Featured Research

from universities, journals, and other organizations

TRUST study data supports safety and efficacy of erlotinib for advanced lung cancer

Date:
October 1, 2010
Source:
International Association for the Study of Lung Cancer
Summary:
A new study supports the safety and efficacy profile of erlotinib, a highly potent oral active, reversible inhibitor of epidermal growth factor receptor tyrosine-kinase activity in a large heterogeneous non-small cell lung cancer population.

Featured in the October edition of the Journal of Thoracic Oncology (JTO), data from The Tarceva Lung Cancer Survival Treatment (TRUST) confirms the safety and efficacy profile of erlotinib, a highly potent oral active, reversible inhibitor of epidermal growth factor receptor (EGFR) tyrosine-kinase (TK) activity in a large heterogeneous non-small cell lung cancer (NSCLC) population.

Erlotinib has been shown to significantly increase survival for patients with previously treated advanced NSCLC. Certain groups of patients with NSCLC, such as those with a particular type of cancer -- adenocarcinoma , women, Asian ethnicity and non (minimal) smokers are reported to be more likely to have tumor responses to EGFR TK inhibitors (TKIs) than other groups. However, results from the TRUST study suggest that erlotinib can benefit a wide range of patients, including those who have previously been thought unlikely to benefit from this treatment.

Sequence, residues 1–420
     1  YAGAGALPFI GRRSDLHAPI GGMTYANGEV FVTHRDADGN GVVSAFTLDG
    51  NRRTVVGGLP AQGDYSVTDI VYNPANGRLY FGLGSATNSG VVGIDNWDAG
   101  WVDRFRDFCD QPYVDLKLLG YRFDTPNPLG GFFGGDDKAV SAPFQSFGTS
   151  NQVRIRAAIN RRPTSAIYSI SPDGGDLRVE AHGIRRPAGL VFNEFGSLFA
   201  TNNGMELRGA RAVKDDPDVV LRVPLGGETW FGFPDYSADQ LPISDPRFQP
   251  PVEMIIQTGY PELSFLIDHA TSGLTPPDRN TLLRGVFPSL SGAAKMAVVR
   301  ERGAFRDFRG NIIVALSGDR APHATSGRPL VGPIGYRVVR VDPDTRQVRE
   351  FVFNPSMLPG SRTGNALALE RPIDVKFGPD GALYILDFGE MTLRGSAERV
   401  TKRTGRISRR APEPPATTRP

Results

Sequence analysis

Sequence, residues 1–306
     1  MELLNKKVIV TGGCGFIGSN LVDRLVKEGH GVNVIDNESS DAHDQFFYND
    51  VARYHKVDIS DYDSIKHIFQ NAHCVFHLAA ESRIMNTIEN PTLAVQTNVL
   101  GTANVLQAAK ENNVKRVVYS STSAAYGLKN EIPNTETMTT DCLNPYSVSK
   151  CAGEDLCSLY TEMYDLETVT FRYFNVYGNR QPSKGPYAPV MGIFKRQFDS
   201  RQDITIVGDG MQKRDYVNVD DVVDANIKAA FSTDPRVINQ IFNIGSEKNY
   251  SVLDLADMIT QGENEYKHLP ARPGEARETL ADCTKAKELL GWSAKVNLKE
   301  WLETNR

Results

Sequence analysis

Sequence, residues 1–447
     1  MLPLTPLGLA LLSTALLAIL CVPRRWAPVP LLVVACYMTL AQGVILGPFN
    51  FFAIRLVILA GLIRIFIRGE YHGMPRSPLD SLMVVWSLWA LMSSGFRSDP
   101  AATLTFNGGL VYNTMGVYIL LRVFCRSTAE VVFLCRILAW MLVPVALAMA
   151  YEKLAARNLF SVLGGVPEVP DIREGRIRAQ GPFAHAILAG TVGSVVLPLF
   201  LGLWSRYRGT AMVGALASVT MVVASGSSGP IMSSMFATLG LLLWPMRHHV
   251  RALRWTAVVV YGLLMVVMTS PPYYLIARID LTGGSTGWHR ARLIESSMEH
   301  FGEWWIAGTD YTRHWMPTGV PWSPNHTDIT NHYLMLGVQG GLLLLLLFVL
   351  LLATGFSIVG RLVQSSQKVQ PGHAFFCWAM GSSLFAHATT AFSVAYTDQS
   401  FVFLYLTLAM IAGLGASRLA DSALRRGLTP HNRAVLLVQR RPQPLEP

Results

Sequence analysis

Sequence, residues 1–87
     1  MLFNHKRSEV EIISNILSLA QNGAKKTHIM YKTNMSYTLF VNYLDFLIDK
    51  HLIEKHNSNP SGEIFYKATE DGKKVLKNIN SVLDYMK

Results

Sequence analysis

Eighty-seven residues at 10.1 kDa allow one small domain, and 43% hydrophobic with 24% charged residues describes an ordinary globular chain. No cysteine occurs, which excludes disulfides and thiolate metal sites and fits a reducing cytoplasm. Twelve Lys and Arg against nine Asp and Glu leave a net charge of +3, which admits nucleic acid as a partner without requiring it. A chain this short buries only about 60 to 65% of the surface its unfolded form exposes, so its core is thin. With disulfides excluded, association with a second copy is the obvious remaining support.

The large, global, open-labeled, phase IV trial TRUST study included the participation of 513 centers across 51 countries, culminating safety data from more than 6,500 patients. In patients with advanced NSCLC, the progression-free survival and overall survival in this study were 3.25 months and 7.9 months, respectively, and the disease control rate (defined as the sum complete response, partial response, or stable disease) was 69 percent.

As a post marketing surveillance trial (phase IV) occurring after erlotinib received permission to be sold, the study provided an opportunity to evaluate the efficacy and safety of this medication in a broad patient population in a real-life clinical setting. Furthermore, it included patients with advanced stage IIIB/IV NSCLC who had previously failed on or were considered unsuitable to receive standard chemotherapy or radiotherapy and were ineligible for other erlotinib trials.

"The criteria used for selecting the most appropriate therapy for a patient are of particular interest to physicians," explains lead investigator Martin Reck, MD, PhD. "Tumors with EGFR mutations have been shown to be highly responsive to EGFR TKIs. Although patients whose tumors have these mutations are likely to obtain a greater magnitude of benefit from EGFR TKIs such as erlotinib, it is important to note that the absence of these mutations does not necessarily result in a lack of benefit with erlotinib therapy."


Story Source:

The above story is based on materials provided by International Association for the Study of Lung Cancer. Note: Materials may be edited for content and length.


Cite This Page:

International Association for the Study of Lung Cancer. "TRUST study data supports safety and efficacy of erlotinib for advanced lung cancer." ScienceDaily. ScienceDaily, 1 October 2010. <www.sciencedaily.com/releases/2010/10/101001105202.htm>.